Success Stories

Every one of these are true stories of CCSS beneficiaries.

Emerging Against All Odds

Dad of CareHut beneficiary Amirudin credits the teachers at the centre for his positive change in character and discipline.

Supporting Vulnerable Families in Times of Need

Project Liven beneficiary Gayathri shares the support CCSS provided to her family and her during the Covid-19 pandemic.

Pushing Past Fear for a Greater Cause

CCSS Board Member and former executive director Benjamin Goh uses his love for running to raise funds for the disadvantaged community.

A Love That Transcends Boundaries

Mark had just become a father to an adorable boy when he was brought in to the Drug Rehabilitation Centre (DRC). This wasn’t the first time Mark had served time in DRC.

Second Chances

“Useless! Hopeless! Good for nothing!” This was all Adam* could think of whenever he looked at himself. Things looked terribly bleak and nothing close to positive less than a year ago when I first met Adam at the Drug Rehabilitation Centre (DRC) of the Singapore Prison Service.

CCSS made my day!

Mdm N, in her mid-30s, has 4 children of her own. Her husband has just been sentenced to 10 years in prison for drug abuse. To add to her already heavy burden, Mdm N’s brother is also a drug addict and has disappeared, leaving his 2 children to her care. Managing a brood of 6 school-going children, and putting food on the table for all of them, is no easy feat. In fact, the children cycle 20 minutes to school and only the eldest child has pocket money for recess. We were glad that we made their day.

Reaching Youths Virtually

SWISH Youth Intan shares how the youth programme helped her boost her confidence and gave her an outlet to be engaged through physical and online activities.

Virtual One-To-One Activities

Son of the late Joyce Fung shares his appreciation for CareLibrary for the care provided to his mother who was diagnosed with dementia.

Virtual Volunteering

CCSS volunteer Lim Teck Chuan shares his heart behind helping the vulnerable during the pandemic.

Partnership Enriches, Enables and Empowers

Care Community Services Society (CCSS) shares how three different groups of people worked with CCSS in 2014 to bless the community.

The Incidental Volunteer

With butterflies in his stomach, Alvin waited for the moment when the children in ZhongHua CareHut would wake from their nap. It would be their first encounter with each other. On his way there, he entertained thoughts of abandoning this volunteering opportunity altogether and going back to the familiarity of his everyday routine – work, home, and playing computer games. But the ‘mundanity’ of it all repulsed him, and he stepped into ZhongHua CareHut determined to make the most of his holiday.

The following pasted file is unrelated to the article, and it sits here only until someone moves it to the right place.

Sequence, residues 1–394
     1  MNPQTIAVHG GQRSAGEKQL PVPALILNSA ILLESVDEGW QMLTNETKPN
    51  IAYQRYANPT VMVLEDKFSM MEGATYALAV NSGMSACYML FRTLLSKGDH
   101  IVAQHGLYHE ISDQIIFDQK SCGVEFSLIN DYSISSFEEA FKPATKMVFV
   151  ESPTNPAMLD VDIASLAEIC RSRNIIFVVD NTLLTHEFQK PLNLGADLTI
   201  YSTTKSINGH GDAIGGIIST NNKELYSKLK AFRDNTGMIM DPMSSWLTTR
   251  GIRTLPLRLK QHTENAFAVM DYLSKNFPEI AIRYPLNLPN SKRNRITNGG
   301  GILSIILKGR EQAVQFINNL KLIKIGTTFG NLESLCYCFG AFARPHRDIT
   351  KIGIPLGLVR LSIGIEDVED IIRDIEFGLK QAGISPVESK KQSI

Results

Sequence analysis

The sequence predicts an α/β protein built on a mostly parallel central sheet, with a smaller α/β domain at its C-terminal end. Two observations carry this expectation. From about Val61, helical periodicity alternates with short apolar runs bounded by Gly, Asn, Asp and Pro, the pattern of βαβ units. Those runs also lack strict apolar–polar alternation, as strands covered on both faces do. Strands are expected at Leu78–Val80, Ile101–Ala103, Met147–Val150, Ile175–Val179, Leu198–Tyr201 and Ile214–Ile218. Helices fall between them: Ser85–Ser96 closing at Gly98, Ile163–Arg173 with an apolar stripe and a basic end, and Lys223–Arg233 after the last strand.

CareHut: A Small Hut that makes a Big Difference!

A boy so hungry, he ate a dead fish from the school aquarium. A girl so neglected, she was too weak to go to school. An eight-year-old girl nearly molested while walking home on her own.Stories of children in a Third World country? Unfortunately, these are real-life happenings in Singapore. These are children whom CCSS aims to help through CareHuts, its after-school student care programme.

Coping Better with Community

The struggles of 96-year-old Elsie Ponnoose when CCSS’s Seniors Activity Centre shut during the circuit breaker period.

d’Kristmas Miracle

31-year-old frontline worker Yu Pei-Sheun spearheads a Christmas fundraising campaign alongside five other volunteers.

Empowered Lives

Here are true life stories of children who have been empowered through Care Community Services Society’s d’Klub Mentoring Programme.

Budding Bookworms

Thanks to Deutsche Bank’s education sponsorship, the children from Eunos CareHut have been on a Reading Assistant Programme for the past 2 years. Since embarking on this programme in 2010, we have seen great improvements in their reading ability and a growing interest in books. The Reading Assistant Programme is a computer-aided reading programme that helps readers in their accuracy and speed when reading.

All Cut Up

I’ve been cutting myself for nearly two years now. Nope, my parents do not know about it. Even if they knew, I don’t think they’ll care. My friends? Yeah, they know, the close ones. In fact, whenever one of us feels down, the rest of us will show our support by cutting ourselves together. My parents never told me not to hurt myself. How can they? They have been hurting me all my life. I’m convinced they hate me. I don’t know why they would want to give birth to me in the first place.